“After this, Jesus and His disciples went out into the Judean countryside, where He spent some time with them, and baptised. Now John was also baptising at Aenon near Salim, because there was plenty of water, and people were coming and being baptised, (This was before John was put in prison).” John 3:22-24.

What was all this baptising about? Who were Jesus and John baptising and why? Were they sprinkling water on people’s heads or were they dunking them under the water?

Baptism, or ritual washing, was an ancient and common practice in Israel. It was carried out in obedience to the Law of Moses for many different reasons. It was also the way of ritual cleansing and initiation into an office e.g., the priesthood, or a movement.

John was a rabbi who had a following of disciples and a “yoke”, an interpretation of the Torah and a lifestyle that he adhered to and placed upon his followers as did Jesus. As he taught about the Messiah, preparing the way for His coming, people wanted to show that they accepted and identified with what John was teaching and the way to do it publicly was through ritual washing.

It would seem that Jesus was initiating His own disciples into Himself and His teaching as well, so that they would become different people while John was baptising people who were willing to change their minds and accept what John was teaching them about the Messiah. The act of washing in running water was symbolic of washing away who they were and giving them a new beginning in a new understanding and way of life according to what their rabbi had taught them.

Were John and Jesus in competition, each drawing a following and initiating their disciples into their teaching and way of life? For a while they were both teaching and baptising, but John in no way acted like a rival. In fact, John, the author of this gospel, records John the Baptist’s purpose, more than once, of pointing people to Jesus. He did not object when some of his disciples left him to follow Jesus.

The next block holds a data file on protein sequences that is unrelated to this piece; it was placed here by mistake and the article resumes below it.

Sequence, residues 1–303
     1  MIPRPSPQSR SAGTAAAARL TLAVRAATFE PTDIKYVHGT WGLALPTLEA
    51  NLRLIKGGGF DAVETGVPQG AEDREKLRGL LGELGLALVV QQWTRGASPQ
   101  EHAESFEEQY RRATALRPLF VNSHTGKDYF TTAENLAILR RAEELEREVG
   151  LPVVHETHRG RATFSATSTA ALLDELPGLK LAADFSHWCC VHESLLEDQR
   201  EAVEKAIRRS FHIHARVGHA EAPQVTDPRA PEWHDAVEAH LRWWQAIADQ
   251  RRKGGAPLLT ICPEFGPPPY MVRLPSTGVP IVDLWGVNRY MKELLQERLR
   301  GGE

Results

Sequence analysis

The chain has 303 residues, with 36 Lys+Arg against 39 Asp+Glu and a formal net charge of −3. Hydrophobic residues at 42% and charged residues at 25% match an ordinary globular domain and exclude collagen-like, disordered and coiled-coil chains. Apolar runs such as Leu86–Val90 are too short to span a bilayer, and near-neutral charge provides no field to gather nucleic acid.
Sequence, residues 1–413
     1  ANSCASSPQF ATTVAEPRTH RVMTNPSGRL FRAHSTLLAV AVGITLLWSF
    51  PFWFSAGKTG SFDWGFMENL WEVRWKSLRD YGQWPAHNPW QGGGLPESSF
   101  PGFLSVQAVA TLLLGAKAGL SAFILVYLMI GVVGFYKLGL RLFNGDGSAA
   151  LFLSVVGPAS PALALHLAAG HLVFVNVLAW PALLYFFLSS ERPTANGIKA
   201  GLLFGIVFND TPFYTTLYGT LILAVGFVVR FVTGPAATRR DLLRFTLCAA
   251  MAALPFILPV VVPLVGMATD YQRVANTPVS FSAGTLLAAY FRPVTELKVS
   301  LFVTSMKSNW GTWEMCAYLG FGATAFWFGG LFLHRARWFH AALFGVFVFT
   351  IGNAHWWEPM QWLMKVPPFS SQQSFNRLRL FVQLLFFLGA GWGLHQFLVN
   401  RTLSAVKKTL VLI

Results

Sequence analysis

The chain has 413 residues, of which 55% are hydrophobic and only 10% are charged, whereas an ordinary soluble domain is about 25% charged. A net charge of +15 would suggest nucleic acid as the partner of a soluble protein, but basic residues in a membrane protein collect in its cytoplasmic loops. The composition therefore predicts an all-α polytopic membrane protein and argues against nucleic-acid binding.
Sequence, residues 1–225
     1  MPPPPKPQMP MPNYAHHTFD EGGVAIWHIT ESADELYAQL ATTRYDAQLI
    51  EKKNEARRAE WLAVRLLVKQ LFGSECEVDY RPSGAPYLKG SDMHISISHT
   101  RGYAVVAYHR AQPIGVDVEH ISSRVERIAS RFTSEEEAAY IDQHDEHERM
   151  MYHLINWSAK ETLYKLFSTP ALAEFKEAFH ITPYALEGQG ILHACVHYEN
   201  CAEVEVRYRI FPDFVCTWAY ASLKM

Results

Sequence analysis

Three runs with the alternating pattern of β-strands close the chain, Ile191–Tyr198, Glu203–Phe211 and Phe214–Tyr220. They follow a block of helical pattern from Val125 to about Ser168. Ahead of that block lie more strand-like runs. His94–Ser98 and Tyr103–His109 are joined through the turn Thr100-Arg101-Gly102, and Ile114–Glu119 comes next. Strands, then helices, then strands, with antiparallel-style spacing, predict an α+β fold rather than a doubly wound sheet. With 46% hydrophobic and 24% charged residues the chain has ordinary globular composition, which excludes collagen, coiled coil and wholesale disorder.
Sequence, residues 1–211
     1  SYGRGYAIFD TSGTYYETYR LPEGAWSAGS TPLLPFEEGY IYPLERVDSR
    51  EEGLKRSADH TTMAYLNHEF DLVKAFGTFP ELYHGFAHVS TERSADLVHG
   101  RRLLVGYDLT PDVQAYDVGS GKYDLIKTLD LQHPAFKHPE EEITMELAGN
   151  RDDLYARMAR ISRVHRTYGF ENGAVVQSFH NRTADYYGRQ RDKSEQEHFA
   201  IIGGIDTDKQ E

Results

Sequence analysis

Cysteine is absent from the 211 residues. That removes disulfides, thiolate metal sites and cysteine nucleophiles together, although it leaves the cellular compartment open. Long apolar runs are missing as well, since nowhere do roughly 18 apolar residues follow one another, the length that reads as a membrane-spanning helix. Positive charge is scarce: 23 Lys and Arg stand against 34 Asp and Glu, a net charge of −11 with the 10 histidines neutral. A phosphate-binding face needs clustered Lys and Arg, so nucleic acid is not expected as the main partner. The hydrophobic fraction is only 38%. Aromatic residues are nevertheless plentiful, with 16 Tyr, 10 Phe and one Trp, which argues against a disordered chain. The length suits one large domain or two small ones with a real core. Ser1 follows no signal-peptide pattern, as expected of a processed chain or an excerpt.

“The next day John was there again with two of his disciples. When he saw Jesus passing by, he said, ‘Look, the Lamb of God.’ When the two disciples heard him say this, they followed Jesus.” John 1:35-37.

When his disciples questioned John about Jesus’ popularity, he responded that he was only the friend of the bridegroom, not the bridegroom. His job was to attend to bridegroom and announce His arrival. He concluded, “He must become greater; I must become less.” John 3:30.

God had a drastic and unusual way of solving this problem. John did not disappear back into the wilderness. He was forcefully removed by Herod who had him thrown in prison at the instigation of his unscrupulous wife, Herodias. Why did God allow that to happen?

I cannot presume to understand all God’s ways, but it seems to me that John’s work was done. It was his task to prepare the way for Messiah, to announce His arrival and to point out who He was to those who heard him. Did he fulfil his calling? Yes, he did. There was no reason for him to continue because he would actually be in Jesus’ way.

His removal seems cruel but we have to ask, “Would it have been better for him to languish in a dungeon for years, never seeing the light of day and living in a hope that was never fulfilled?” It was through God’s mercy that he was taken out suddenly and drastically, leaving Jesus to fulfil His mission without a rival. The people no longer needed John’s message or John’s baptism because the Messiah was among them. John’s work was preparatory and complete.

We cannot always discern the wisdom and ways of the Lord. We know that He is good and always does what is best for us. His ways, Paul said, are “past finding out”. He asks us to trust Him when we cannot see the way ahead.


Scripture taken from THE HOLY BIBLE, NEW INTERNATIONAL VERSION®, NIV® Copyright © 1973, 1978, 1984, 2011 by Biblica, Inc.® Used by permission. All rights reserved worldwide.


Luella Campbell

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